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The Biblical Tamar Gets Her Moment

The Biblical Tamar Gets Her Moment

Call her the Mame Dennis, or Gypsy Rose Lee, of the Bible. Of all the courageous women in the Torah, none has more moxie than Tamar, who will stop at nothing to achieve her ambition — to have a child of her own. Now the bold and wily character is the star of her own musical, “Tamar of the River,” in which the eponymous heroine contrives to bring peace to a war-torn land. Composed by Marisa Michelson, it runs through next weekend at the Baruch Performing Arts Center.

Directed by Daniel Goldstein, with book and lyrics by Joshua H. Cohen, “Tamar of the River” is an allegorical story, set in a nameless land that is fractured by violent conflict. After Tamar’s mother is injured in a raid on her home, Tamar (Margo Seibert) heeds the call of the anthropomorphized river, which sends her westward into the land of the enemy, whose army is commanded by Judah (Erik Lochtefeld).

After receiving marriage proposals from both of the captain’s sons, sexy Onan (Mike Longo) and nerdy Er (Vince B. Vincent), and sleeping with both to no avail, Tamar seduces their father and takes his staff — only to find that peace is more elusive than the river had led her to believe, and that she, like Moses, may not live to see her vision fulfilled.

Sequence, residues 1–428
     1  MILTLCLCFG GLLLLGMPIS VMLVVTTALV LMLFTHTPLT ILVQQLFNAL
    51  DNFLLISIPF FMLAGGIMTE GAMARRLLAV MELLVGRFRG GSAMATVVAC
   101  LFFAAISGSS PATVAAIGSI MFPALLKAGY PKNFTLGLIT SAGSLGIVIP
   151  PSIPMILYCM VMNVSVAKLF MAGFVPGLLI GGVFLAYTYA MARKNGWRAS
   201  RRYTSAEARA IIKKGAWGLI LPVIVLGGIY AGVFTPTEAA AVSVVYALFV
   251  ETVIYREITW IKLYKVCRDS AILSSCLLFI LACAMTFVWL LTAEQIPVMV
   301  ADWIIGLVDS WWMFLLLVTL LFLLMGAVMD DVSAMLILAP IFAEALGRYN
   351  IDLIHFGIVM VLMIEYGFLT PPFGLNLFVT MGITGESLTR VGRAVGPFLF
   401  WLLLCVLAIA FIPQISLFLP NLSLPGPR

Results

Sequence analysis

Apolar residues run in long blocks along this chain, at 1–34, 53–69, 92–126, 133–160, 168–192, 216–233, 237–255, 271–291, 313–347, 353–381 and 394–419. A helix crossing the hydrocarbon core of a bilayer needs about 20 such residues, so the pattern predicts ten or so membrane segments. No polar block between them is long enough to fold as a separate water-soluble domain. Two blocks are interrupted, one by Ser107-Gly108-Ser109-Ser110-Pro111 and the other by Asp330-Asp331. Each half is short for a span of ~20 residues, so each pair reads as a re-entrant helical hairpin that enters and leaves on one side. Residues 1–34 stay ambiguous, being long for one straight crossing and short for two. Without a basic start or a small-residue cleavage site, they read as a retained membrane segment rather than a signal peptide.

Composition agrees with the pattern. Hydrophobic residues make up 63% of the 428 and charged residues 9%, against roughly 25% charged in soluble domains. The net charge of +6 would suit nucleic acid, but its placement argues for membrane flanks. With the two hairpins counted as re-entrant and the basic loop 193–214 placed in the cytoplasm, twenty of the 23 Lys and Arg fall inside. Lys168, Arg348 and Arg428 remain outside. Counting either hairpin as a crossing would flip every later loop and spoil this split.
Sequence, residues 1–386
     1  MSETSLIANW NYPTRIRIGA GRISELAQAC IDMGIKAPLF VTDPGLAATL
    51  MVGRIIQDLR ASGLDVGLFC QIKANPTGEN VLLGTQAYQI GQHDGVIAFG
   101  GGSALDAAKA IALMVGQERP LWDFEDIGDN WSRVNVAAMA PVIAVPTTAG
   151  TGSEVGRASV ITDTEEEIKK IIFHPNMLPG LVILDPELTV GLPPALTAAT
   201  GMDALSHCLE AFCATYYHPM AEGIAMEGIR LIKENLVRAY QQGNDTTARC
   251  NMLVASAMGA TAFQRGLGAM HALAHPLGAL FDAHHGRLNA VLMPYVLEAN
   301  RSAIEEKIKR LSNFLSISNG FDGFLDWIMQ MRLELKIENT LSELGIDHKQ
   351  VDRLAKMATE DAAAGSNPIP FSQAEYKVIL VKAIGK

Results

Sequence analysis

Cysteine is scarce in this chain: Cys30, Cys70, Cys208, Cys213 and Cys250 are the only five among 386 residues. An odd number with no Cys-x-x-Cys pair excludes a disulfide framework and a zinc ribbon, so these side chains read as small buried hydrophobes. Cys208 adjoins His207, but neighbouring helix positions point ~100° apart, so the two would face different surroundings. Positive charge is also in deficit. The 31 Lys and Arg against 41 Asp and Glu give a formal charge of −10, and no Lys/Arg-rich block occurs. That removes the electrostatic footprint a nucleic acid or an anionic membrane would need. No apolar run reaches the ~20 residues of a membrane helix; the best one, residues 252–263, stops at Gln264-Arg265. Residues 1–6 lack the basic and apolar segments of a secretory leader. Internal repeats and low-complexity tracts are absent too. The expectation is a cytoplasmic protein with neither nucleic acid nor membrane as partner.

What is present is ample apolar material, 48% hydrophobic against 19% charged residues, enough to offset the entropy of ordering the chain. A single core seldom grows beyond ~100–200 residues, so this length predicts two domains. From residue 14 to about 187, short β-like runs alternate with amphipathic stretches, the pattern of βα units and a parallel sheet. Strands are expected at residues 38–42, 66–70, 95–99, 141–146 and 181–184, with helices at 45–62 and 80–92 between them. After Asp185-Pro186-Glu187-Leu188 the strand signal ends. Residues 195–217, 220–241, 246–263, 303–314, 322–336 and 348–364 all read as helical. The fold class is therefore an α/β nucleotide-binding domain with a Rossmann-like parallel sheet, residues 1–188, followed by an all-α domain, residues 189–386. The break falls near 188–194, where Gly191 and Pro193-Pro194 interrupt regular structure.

Michelson grew up in Amherst, Mass., where she trained to be a classical pianist. She studied musical theater at NYU, beginning at age 15, where her mentor was Adam Guettel (“Light in the Piazza”). In 2009, she sang with performance artist Meredith Monk in “Songs of Ascension” at the Brooklyn Academy of Music, a piece that traced upward spiritual journeys from the Buddhist path of enlightenment to Jacob’s heavenly ladder.

In an interview, the composer told The Jewish Week that “Tamar” is composed of a mix of musical styles — “Indian chant meets sacred harp meets new musical theater.” The river, which is performed by multiple actors who sing and dance, unites a dozen kabbalistic emanations of God, including the Shechinah (Margo Basset), who sings along with Tamar.

Michelson views the story of Tamar as a “spinal cord or backbone for exploring moral ambiguity, morality and politics.” Her overarching aim in the piece, she said, is to find a “nexus between art and spirituality.” Music, she believes, is an “invisible thing that can create a space of real listening, that can enable us to communicate in a caring and open way.”

Ted Merwin

“Tamar of the River” runs through Oct. 20 at the Baruch Performing Arts Center, 150 E. 25th St. Performances are Tuesday and Wednesday at 7:30 p.m. and Thursday through Saturday at 8 p.m., with Sunday matinees at 3. For tickets, $25, call (212) 352-3101 or visit

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